Current Perspectives

In studying any period of history, one focuses on the past- what occured, who took part in the events, the immediate aftermath, etc.  Although our research investigates a recent law, we clearly must look at issues from the past when studying the “Law of Historical Memory.”  With this focus on events from the past need to be unearthed and remembered, we easily concentrate entirely on the years surrounding the Spanish Civil War.  For this reason, our visit today to the Centro de Investigación y estudios Republicanos (CIERE) stands out in our investigation as one of the current perspectives we have considered in our routes of memory in Madrid. dscn0638.JPG

We were fortunate enough to speak with  Manuel Muela, the president of the association, who met with us to explain more about CIERE.  This organization began in the years just following the death of Franco (1975) when all of the political parties were legalized- that is, all except for the republican party.  In that time period, some still felt that the term “republican” still created too much tension to have it represented in the government.  When the republicans declined the offer to have their party join the government without the controversial word itself in the party name, the republicans were left with the socialist party, PSOE (Partida Socialista Obrero Español), which still is the main left-wing party in Spain’s government today, although the republicans now have a legalized party. 

Under this political context, in which the republican party does not have the strength it would had it been legalized immediately after the death of Franco , CIERE  serves as a source of information for those who are interested in studying the republican ideals that came out of the Second Republic in Spain.  Although political by nature, CIERE does not identify with a particular party so that it can remain as a place for education, not political agendas.  This organization works to write, edit, and publish books, send out a tri-annual magazine, and maintain a library in Alcalá to name a few of its activities.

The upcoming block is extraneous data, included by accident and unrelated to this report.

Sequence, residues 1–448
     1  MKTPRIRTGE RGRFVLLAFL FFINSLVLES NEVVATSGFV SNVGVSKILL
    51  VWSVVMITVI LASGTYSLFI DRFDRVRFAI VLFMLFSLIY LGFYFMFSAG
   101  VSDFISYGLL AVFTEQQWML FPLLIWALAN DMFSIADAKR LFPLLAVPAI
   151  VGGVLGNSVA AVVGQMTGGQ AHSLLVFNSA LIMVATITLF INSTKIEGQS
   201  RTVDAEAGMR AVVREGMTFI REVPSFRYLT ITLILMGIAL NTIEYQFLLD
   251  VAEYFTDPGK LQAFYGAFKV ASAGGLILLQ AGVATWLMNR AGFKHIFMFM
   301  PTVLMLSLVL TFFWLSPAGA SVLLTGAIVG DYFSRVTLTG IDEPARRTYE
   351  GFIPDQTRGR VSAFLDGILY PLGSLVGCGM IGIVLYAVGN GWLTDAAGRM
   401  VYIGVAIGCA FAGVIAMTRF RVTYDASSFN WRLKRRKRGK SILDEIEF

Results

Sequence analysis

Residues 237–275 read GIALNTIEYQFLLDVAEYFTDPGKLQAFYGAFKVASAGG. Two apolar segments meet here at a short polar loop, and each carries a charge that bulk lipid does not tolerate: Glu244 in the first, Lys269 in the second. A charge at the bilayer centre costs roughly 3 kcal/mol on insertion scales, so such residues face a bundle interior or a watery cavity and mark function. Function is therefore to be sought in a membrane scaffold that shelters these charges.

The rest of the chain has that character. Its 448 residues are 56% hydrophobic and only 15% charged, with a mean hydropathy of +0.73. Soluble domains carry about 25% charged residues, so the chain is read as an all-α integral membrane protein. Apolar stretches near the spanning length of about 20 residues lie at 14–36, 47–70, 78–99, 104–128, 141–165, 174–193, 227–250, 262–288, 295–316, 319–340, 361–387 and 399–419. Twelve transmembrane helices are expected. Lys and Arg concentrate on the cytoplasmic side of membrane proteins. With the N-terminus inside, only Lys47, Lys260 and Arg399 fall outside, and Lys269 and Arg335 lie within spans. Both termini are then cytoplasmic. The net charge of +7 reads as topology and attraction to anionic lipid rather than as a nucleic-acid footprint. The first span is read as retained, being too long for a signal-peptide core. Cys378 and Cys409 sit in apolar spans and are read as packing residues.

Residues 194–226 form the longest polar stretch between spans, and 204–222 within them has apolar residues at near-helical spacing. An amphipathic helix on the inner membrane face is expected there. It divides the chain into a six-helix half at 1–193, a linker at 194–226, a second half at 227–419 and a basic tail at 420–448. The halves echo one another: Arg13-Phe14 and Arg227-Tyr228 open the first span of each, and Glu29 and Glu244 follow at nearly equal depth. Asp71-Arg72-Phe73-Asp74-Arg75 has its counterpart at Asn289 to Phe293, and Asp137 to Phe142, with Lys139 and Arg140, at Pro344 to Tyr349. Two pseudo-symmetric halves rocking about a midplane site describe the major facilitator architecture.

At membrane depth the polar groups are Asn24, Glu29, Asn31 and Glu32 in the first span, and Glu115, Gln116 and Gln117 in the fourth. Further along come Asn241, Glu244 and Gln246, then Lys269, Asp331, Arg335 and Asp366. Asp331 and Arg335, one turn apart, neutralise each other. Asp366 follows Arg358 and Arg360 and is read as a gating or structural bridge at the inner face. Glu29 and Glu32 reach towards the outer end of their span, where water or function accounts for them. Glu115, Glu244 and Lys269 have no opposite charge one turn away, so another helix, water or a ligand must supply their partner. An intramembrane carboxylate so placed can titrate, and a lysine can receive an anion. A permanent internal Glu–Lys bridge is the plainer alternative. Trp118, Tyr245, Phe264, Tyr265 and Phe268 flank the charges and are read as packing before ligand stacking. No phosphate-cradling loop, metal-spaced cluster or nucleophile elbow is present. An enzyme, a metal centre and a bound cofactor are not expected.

In a somewhat confusing time in Spain, those who want to create a space for historical memory must remember to consider the people in organizations such as CIERE who have relevant and important opinions about how the country deals with the memory of such a traumatic time.  Hearing the words and point of view of Manuel Muela, who is extremely level-headed, patient, and rational, broadened our view of memory in Spain as it gave us a current day perspective of the group that fought so ardently for their ideology and beliefs in the Spanish Civil War.

One response to “Current Perspectives”

  1. nphoba says:

    Manuel Muela mentioned the website for the Center for Republican Studies and Investigation and said that the majority of people who view the site are in the United States and Canada. This seems to suggest that part of Spain still seems to be following the pacto del olvido (pact of forgetting). Also, the generation with the most access and experience with the Internet is our generation, so what Muela said may also suggest that Spanish youth don’t seem to want to investigate the Spanish Civil War and Franco’s dictatorship. Every contact that we meet here in Madrid is so surprised and grateful that we’re interested. They feel this way mainly for two reasons: 1) we’re from the U.S. and 2) we’re young. They are so excited to finally have youth interested in learning their stories and passing them on.